Railroad Asbestos Cases

James F. Humphreys & Associates, L.C. has represented many people with railroad claims. People who worked on railroads were exposed to many products and materials that contained asbestos, especially during the days when steam engines were used. Not surprisingly, many of these workers developed asbestos related diseases, such as asbestosis, lung cancer and mesothelioma. In many cases, they were not diagnosed with such diseases until several years after they retired.

Steam locomotives were essentially boilers on wheels, and the boiler under the metal jacket was insulated with a material called "85 Mag," that was approximately 85% magnesium carbonate and 15% asbestos. Magnesium carbonate was also found in Milk of Magnesia, a common antacid, and was used many years ago to keep table salt from clumping during humid weather. Unfortunately, the other component of 85 Mag, asbestos, was not so benign. Railway workers who built or repaired or overhauled steam locomotives were often exposed to large amounts of airborne asbestos dust from boiler insulation. Asbestos was also found on steam locomotives in pipe wrap, gaskets and packing.

Even when steam locomotives were replaced with diesels, railway workers could still be exposed to asbestos from a variety of sources, including insulation that covered steam pipes and boilers used to heat buildings. Asbestos insulation was also used on steam cranes. Diesel engines contained asbestos in gaskets, packings, electrical insulation, cab ceilings, and steam generators in the back of the cab used to supply steam to heat passenger and mail cars. Cabooses often had asbestos heat shields under and behind coal stoves. Track crews could be exposed to asbestos used in insulated joints, and in asbestos ropes that were soaked in oil, then set on fire, to heat rails and make them expand. This was commonly done during cold weather when rails contracted and caused "pull aparts," or rail separations. Track crews also used asbestos gloves and thermite crucibles with asbestos disks for welding.

The railroads discussed the health hazards of dust in general, and asbestos in particular, at meetings of their medical officers held as early as the 1930s. Unfortunately, the railroads did not start educating their workers about the risks of asbestos exposure and how to protect themselves until much later. Even simple protective measures such as wetting down dust, using respiratory protection in the form of dust masks and respirators, and providing ventilation, were not employed for many years.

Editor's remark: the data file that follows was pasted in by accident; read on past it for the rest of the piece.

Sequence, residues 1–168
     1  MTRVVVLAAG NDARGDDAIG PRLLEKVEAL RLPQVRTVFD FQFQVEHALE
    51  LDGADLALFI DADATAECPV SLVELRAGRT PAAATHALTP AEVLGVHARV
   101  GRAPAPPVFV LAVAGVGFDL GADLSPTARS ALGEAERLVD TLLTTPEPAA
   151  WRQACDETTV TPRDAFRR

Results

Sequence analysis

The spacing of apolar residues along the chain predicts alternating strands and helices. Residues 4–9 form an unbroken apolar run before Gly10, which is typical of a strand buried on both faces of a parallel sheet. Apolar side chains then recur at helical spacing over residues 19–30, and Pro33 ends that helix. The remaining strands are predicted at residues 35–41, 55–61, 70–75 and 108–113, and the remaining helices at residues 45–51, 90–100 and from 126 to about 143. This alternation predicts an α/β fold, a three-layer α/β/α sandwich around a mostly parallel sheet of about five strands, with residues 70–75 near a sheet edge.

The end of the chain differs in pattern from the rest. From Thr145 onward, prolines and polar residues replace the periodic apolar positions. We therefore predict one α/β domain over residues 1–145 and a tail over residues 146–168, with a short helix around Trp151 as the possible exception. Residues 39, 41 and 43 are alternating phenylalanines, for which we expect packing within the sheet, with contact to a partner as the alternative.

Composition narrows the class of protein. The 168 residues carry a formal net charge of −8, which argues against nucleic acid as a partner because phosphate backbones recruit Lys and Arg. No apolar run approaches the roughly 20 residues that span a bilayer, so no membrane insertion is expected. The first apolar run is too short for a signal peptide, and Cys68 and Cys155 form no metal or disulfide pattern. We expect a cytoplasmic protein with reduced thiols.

Railway workers who are injured on the job can not apply for workers compensation like many workers, but they can seek relief through a federal law known as FELA, which stands for the Federal Employers Liability Act. FELA actions differ in many ways from traditional lawsuits for personal injury. There are special rules which apply to the liability of the railroad, what damages can be recovered, and when lawsuits may be brought.

If you or a loved one have developed an asbestos related disease because of working with or around asbestos on the railroad, please contact our firm at 304-347-5050 (local) or 877-341-2595 (toll free) for a free consultation. You may also contact us through our website, www.jfhumphreys.com. James F. Humphreys & Associates, L.C. has successfully obtained compensation for many railway workers who were exposed to asbestos at work and developed asbestos related diseases such as asbestosis, lung cancer and mesothelioma.